The Affordable Care Act is Not Affordable and No One Cares

acanotI just came from turning in my insurance forms this this coming year. Once again I cannot afford to add my family to my employer provided coverage.

And, because my employer follows the law and offers coverage, I cannot qualify for subsidies in the ACA exchanges. So we can’t afford to insure our family there. Luckily I don’t make a lot of money, so my kids qualify for the CHIP program here in Texas. And we are Christians so my wife can get covered through one of those Christian Co-Ops. So we won’t get fined/taxed/penalized for not having coverage we simply cannot afford. I had to swallow my pride and take a government hand out so my children could have health coverage, because I simply could not afford it under the Affordable Care Act.

I don’t blame my employer. They offer very good insurance, and they pay about $6000.00 for my coverage. But if I want to add my wife to that same plan, then I must pay over $500 per month. If I wanted to add my children, the price would inflate to over $900 per month. I don’t know a lot of middle class families that could afford to lose over $10,800 annually.

Years ago, before the ACA was passed, I was self employed, and I had a plan I liked. My family was well covered with supplements and major medical. Then the ACA went into effect, and I got a letter saying that my plan was no longer offered, and I would have to shift to a different plan for a 300% increase in premiums. It had been more economical and effective to have a major medical plan with supplemental plans to cover us for basic services. In the new post-ACA world, I must spend more for less coverage.

That continues to be the case today.

I often see friends complaining online about how much their premiums are going up. I hear on the news about Healthcare Exchanges that are going out of business. Healthcare is not getting better.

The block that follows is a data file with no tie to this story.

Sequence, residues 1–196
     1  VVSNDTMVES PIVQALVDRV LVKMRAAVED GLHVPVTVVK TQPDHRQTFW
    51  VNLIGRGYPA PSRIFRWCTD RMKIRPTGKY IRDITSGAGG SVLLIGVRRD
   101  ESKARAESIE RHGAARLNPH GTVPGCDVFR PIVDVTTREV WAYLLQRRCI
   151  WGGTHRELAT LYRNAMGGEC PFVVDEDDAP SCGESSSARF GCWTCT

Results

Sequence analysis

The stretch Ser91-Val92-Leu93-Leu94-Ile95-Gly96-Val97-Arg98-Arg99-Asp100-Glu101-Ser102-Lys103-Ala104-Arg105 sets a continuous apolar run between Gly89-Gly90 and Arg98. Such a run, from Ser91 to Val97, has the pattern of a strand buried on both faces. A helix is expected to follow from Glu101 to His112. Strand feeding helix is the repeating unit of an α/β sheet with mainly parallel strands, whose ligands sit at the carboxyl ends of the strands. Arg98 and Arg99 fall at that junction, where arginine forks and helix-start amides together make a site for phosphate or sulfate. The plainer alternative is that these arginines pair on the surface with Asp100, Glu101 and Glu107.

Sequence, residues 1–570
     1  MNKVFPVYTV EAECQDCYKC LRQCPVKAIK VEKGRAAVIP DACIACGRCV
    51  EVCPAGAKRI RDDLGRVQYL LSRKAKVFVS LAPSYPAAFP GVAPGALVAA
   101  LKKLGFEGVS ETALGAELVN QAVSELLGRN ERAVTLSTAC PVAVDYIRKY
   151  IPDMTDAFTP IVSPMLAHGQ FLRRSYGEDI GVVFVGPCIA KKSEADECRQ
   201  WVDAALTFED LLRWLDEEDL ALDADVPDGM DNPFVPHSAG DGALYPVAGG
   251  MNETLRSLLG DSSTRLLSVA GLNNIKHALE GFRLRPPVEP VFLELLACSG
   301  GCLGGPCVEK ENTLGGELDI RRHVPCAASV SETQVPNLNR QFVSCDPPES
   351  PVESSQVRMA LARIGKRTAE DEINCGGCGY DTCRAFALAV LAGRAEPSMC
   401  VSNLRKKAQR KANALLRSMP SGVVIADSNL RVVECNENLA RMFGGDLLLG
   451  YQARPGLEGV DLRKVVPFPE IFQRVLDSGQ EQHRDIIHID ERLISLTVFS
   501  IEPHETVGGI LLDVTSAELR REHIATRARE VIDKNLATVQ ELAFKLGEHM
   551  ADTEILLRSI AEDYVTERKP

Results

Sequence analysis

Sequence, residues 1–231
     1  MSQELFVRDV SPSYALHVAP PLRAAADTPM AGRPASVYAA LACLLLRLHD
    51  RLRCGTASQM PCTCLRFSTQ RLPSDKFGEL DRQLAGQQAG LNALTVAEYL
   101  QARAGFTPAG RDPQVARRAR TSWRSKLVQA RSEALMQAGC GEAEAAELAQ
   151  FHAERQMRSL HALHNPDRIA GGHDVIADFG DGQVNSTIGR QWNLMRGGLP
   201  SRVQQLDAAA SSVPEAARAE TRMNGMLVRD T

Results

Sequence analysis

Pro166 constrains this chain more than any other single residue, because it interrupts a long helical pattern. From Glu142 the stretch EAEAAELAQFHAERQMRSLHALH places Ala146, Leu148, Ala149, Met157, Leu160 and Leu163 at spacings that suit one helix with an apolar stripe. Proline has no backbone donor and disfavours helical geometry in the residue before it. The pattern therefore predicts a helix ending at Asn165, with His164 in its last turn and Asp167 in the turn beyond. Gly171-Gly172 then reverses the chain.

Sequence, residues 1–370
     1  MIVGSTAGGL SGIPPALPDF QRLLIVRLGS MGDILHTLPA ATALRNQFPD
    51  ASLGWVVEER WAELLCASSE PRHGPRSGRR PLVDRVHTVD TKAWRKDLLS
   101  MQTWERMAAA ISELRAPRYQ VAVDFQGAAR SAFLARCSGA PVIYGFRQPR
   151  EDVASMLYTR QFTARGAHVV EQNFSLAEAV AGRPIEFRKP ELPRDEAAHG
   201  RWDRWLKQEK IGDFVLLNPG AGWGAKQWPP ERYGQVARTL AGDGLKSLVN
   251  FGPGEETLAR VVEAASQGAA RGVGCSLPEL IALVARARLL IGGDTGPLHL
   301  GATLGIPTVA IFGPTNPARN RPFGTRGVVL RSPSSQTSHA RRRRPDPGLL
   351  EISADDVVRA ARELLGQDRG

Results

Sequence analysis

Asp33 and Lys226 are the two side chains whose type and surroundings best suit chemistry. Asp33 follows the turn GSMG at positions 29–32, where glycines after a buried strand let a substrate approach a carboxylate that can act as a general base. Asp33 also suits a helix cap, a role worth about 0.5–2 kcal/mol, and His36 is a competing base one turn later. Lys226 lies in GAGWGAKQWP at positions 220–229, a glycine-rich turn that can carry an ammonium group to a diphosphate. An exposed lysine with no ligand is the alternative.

I know that something had to be done. There were real issues with the old insurance/healthcare system, things that needed to be addressed. But this ACA is a horrible replacement for what we had before. I don’t know one single person who has better coverage for less money. From what I’ve experienced and heard, if you had insurance before the ACA kicked in, you are less happy with your coverage now.

Occasionally I will hear people saying that since the ACA has been passed, and some people who did not have coverage before now have it, you can’t take it away. Why not? The government took away my coverage and forced me to find an alternate/ worse plan. The current system under the ACA is not working. Exchanges are crashing, and costs are rising on plans that offer less coverage for more Americans. What we have now cannot continue for much longer. Something has to be done, sooner rather than later.

And no one with the power to do anything seems to care. Oh sure, there have been bunches of show votes where Republicans tried to “repeal” the ACA,but that did exactly jack squat for my family, and everyone else adversely effected by the ACA rules. Democrats seem to be afraid to criticize the President’s signature legislation, even though there are obvious problems with it. In many ways middle class Americans are worse off now than before, regarding insurance.